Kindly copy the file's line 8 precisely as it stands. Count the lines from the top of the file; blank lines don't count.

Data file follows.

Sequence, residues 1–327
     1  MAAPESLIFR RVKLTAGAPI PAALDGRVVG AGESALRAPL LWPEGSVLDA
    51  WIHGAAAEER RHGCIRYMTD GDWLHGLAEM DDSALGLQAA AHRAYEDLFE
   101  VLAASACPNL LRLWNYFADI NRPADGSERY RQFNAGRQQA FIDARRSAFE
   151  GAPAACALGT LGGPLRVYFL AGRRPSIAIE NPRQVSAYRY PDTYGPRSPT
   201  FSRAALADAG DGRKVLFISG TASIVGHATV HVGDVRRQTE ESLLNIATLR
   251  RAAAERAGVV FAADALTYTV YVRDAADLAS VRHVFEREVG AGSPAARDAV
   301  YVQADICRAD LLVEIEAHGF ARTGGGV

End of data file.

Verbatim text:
   301  YVQADICRAD LLVEIEAHGF ARTGGGV